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10 years after its IPO, what’s next for Google?

Nicole Goodkind
Nicole Goodkind

Ten years ago, a small Internet company called Google (maybe you’ve heard of it?) released its IPO prospectus, declaring that its code of conduct was “don’t be evil."

Google (GOOGL) debuted at $85 a share with a $23 billion valuation. Today the stock is trading just under $600 a share with a $390 billion market cap.

“Google has just killed it,” says Yahoo Finance’s Henry Blodget. “They had a great central product and...it is an insanely profitable business that has thrown out all sorts of cash.”

At the time of Google’s IPO the company's annual revenue was just over $3 billion; today it comes in at around $70 billion.

Of course Google has also produced other successful products including Gmail, YouTube Chrome and many experimental products like Google Glass, self-driving cars, and a monthly music subscription service. Google’s display business and its YouTube division are becoming meaningful businesses for Google, says Blodget. But, “everything else is pretty much a rounding error…it may be exciting someday but right now it is not.”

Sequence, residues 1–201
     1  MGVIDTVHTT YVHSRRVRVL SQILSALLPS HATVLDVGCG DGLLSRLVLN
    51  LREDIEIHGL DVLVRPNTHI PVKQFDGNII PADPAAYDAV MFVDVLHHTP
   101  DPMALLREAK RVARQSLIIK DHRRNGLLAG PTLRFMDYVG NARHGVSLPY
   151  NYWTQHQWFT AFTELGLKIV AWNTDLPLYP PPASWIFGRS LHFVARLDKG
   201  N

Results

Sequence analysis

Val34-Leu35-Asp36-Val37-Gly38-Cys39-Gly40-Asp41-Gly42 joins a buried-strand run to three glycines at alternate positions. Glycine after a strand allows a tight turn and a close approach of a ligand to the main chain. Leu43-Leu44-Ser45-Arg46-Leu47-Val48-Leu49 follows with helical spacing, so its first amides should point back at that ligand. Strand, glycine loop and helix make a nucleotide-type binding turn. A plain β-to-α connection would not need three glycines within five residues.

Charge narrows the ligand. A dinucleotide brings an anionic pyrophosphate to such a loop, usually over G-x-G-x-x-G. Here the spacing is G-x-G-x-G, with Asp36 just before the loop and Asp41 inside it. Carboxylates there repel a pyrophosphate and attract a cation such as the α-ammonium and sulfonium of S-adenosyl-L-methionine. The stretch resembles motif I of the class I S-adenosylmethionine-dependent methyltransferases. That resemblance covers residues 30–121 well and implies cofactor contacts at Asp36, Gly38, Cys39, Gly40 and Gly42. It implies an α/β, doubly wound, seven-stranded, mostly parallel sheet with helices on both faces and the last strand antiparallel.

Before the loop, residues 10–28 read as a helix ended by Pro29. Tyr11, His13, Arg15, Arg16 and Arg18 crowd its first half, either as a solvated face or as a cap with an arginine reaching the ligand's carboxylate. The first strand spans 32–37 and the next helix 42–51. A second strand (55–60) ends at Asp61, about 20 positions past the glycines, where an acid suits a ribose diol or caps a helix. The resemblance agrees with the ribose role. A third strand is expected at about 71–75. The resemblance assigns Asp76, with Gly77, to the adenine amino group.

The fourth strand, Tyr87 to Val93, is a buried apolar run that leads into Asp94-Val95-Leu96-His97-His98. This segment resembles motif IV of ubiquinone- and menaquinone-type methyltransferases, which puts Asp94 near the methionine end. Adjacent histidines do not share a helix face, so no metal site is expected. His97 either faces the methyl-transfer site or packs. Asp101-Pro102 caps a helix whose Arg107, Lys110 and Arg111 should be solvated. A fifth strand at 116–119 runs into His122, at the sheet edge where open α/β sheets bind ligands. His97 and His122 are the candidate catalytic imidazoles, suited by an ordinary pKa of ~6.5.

So what will Google look like 10 years from now? “Search will still be the driver," notes Blodget. "They’ve got to continue to crank up YouTube and steal dollars from television. If they can start really digging into the television budget, then you’ve got a lot of growth left.”